Whether a c-store retailer is a single-store operator or a large chain, the same tobacco laws and fines apply. Briant said this is among the reasons why NATO supports We Card and its educational platform.

“Most retailers, whether they are single-store operators or large chains, rely on a commercial training program like We Card to train their employees,” said Briant. “Some large convenience store chains also have their own internal compliance check programs or retain an outside company to perform spot compliance checks to ensure that employees are requesting photo identification of customers and not selling tobacco products to minors.”

In collaboration with ongoing tobacco training and education, Anderson also stressed c-store operators must include other strategic efforts to ensure management and employees are putting what they learned into practice.

“Training by itself is not a singular solution. Equipping stores and employees with in-store signage, tools and job aids is important, as is the need for internally measuring performance,” he said.


Anderson encourages retailers to visit We Card’s website, which features a Training Resource Center page. Here, they can sign up for FDA tobacco compliance webinars and register for an employee training course, as well as review state law summaries, state signage requirements and minor license visual characteristics. A variety of downloads are also available, including Understanding FDA Requirements and We Card’s Guide to Best Practices, which includes a template for a Company Tobacco Sales Policy.

This January, a new mobile site called We Card NOW launched. It provides useful tools such as Carding Tips, an Age Calculator for calculating a customer’s age based on an ID’s date of birth and an e-Calendar. This 1.0 version will evolve to have greater interactivity and content.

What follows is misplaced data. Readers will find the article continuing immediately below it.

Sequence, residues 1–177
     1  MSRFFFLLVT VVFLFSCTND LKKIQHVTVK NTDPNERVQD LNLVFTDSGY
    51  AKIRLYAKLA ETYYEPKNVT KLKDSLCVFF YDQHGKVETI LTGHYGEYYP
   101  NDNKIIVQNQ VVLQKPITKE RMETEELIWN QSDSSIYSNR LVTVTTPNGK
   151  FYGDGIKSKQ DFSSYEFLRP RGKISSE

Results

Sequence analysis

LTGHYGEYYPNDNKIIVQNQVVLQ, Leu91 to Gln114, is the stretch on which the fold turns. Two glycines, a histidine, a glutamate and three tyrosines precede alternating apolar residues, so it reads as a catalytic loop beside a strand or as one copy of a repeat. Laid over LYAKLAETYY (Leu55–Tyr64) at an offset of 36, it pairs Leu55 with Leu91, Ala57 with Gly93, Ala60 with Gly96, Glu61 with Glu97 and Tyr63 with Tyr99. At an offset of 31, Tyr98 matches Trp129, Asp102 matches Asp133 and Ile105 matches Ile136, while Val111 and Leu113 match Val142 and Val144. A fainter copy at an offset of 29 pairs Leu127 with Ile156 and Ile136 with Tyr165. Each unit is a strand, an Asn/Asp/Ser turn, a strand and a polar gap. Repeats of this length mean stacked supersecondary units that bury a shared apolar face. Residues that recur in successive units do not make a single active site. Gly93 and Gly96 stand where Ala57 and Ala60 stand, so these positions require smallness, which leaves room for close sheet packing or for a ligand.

New initiatives like We Card NOW are important because the market is changing, according to Anderson. For example, he cited the electronic cigarette and vape movement.

“E-vapor is a new category and it’s still in the early days. Consumer interest is evolving,” said Altria’s May. “We have a lot of information on our AGDC Partner Training website on e-vapor. We just rolled this [information] out in the last few months and it is the next extension of how we approach training, education and consulting services to our trade partners.”

For a period of time, e-cigarette and vape federal and state regulations were unclear, but that’s now changing. To date, 42 states have passed laws equating these products to be equivalent to traditional tobacco products. Some of the remaining eight states are expected to pass similar legislation in the near future.

“Currently, FDA regulations do not address e-cigarettes, although it has indicated an intention to do so through a deeming regulation in the future,” noted Anderson. “We Card trains retailers to deny e-cigarette and vapor product sales to minors even when state law or federal law may not require it.”

“There is an ongoing need to raise awareness of the states’ and the federal laws’ existence, their requirements and the consequences for failing to comply.”
— Doug Anderson, We Card

“The idea here is really simple. Increasing the knowledge of the store associate equals improved performance in the tobacco category.”
— Brian May, Altria Group Distribution Co.

“Implementing tobacco training programs for managers and employees is the rule for convenience store retailers, not the exception.”
— Thomas Briant, National Association of Tobacco Outlets (NATO)